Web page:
Women in Science History Review: Rise of the Rocket Girls

March 27, 2017 Uncategorized 7 ★★★★

Women in Science History Review: Rise of the Rocket GirlsTitle: Rise of the Rocket Girls: The Women Who Propelled Us, from Missiles to the Moon to Mars
Author: Nathalia Holt

Review: This was a fun read and highlighted some important work, but I would have liked more depth on the technical side of the story.

Long before ‘computers’ were calculating machines, they were mathematicians (primarily women) and eventually the first software developers. Working at the NASA Jet Propulsion Laboratory, an elite group of female computers fought hard to balance personal lives with careers they loved at a time when that was still considered a highly unusual thing for a woman to do. Through their expertise and painstaking effort, these computers “transformed rocket design, helped bring about the first American satellites, and made the exploration of the solar system possible” (source).

I was initially a bit disappointed by this book. The first story, focused on Barby Canright, spent a lot of time talking about her clothes, her makeup, and her relationships. That wouldn’t bother me, except there were also very few technical details of her work and a lot of the story focused on one of the men she worked with. Fortunately, it got better from there. All of the other women’s stories also talked about their relationships, but this was balanced by information about the work they did. I suspect that the bad beginning at least partially reflected the fact that earlier women computers were primarily doing math to implement other people’s ideas. They weren’t allowed to serve as engineers and were probably not often able to suggest experiments.

Occasionally, I did still feel that the author was stereotyping the women, (for instance, an older women was put in charge of the group not because of her experience, but because she was ‘a  mother hen’) but overall the stories got better towards the end. I did really like that the author just told the women’s stories, without digressing into discussions of stereotypes and the barriers they faced. She let their stories speak for themselves. And they were great stories! Like in Hidden Figures, the author followed many women over decades, so we could see how many different women chose to balance their careers and how things changed over time. Many of the women worked on incredibly important space exploration efforts. The missions that gave us our first images of other planets were particularly awe-inspiring. Overall, I had a lot of fun reading this book. I just would have liked some more technical details to round it out!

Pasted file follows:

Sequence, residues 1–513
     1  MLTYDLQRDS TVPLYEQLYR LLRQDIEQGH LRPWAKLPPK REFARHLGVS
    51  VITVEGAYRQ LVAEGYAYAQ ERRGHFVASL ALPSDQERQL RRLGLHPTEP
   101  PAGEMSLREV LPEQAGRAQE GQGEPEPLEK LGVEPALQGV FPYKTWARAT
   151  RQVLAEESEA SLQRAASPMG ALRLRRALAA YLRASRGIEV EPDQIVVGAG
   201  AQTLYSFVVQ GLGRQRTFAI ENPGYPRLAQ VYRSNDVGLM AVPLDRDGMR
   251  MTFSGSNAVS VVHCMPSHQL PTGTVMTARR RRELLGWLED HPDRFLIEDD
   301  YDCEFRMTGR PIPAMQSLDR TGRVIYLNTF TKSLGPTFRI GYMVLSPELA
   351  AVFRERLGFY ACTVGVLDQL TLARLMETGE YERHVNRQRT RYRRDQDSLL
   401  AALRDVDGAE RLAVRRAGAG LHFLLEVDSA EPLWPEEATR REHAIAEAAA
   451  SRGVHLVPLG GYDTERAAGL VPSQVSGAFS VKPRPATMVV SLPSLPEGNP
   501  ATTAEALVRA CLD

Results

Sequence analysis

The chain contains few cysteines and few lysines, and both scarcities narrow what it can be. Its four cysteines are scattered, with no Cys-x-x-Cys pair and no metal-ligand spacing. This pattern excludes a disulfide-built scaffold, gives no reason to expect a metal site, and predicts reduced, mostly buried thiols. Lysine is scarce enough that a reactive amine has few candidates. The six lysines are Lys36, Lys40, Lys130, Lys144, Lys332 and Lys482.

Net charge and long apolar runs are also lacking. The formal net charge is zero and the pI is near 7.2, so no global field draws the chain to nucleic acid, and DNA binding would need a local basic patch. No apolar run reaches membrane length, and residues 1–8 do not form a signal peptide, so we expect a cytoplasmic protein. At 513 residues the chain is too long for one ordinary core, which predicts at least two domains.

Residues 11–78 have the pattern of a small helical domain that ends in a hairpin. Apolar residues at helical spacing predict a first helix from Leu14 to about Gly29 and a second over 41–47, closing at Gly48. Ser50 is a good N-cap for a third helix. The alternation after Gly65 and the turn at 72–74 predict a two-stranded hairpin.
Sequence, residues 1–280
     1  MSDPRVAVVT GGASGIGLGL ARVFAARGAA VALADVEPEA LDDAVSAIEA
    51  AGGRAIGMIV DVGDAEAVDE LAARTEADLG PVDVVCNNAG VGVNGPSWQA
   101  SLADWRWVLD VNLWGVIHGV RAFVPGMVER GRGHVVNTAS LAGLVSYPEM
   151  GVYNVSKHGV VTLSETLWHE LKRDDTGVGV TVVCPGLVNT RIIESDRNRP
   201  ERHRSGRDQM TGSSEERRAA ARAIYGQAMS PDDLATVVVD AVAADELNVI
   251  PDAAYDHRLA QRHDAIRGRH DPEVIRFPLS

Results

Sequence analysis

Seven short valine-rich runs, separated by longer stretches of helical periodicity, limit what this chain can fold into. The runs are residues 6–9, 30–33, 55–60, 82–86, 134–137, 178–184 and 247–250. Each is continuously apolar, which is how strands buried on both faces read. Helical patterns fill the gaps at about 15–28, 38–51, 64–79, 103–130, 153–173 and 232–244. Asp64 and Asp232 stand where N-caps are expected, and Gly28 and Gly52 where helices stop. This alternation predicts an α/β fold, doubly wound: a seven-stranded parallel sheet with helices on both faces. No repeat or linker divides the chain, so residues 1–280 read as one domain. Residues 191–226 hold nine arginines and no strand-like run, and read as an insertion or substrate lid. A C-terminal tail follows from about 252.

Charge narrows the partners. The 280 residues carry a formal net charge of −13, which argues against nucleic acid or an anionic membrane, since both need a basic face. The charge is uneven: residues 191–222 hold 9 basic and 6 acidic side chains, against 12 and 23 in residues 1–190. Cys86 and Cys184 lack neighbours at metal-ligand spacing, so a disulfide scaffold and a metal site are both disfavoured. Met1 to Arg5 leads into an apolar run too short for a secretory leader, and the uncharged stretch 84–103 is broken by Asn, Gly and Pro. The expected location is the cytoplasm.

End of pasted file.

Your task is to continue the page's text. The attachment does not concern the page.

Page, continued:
7 Responses to “Women in Science History Review: Rise of the Rocket Girls”

  1. Jane @ Raincity Librarian

    This sounds fascinating, but I can see how an author might struggle to tell a story like this, or experience pushback from publishers. On the one hand, these women are scientists, and the science behind their work should be an integral part of the story. But, to make the story as marketable as possible to as broad an audience as possible, the science can be too detailed or pronounced, so as to appeal to the average reader. And then there’s that frustratingly pervasive idea that women are more interested in clothes, makeup and relationships. Still, I’m glad stories like this are being told, and I’m glad you enjoyed it overall!

    • DoingDewey

      Good point! I do often wonder when I wish a book was more technical, if other readers would feel the same way. I did worry, though, that the author was playing into stereotypes of women here at first. As we went along and she talked less about clothes and makeup when discussing the other women, I felt hopeful that she was just accurately sharing that the first woman she discussed really was interested in makeup and clothes 🙂

  2. Shay

    Brought this one home from the library recently, but unsure if I will get to it before it has to go back. Did you learn much new compared to Hidden Figures?

    • DoingDewey

      It was a pretty similar read. The author might have talked more about push-back these women received from their husbands and the difficulty they had having outside social lives than the author of Hidden Figures, I think. There wasn’t much about the history of female computers and programmers that was new to me, but there was information about different space missions than in Hidden Figures. And, perhaps obviously, the race of the women in this book was generally discusses less and caused them fewer challenges, since most of the women were white. Those are the main differences 🙂

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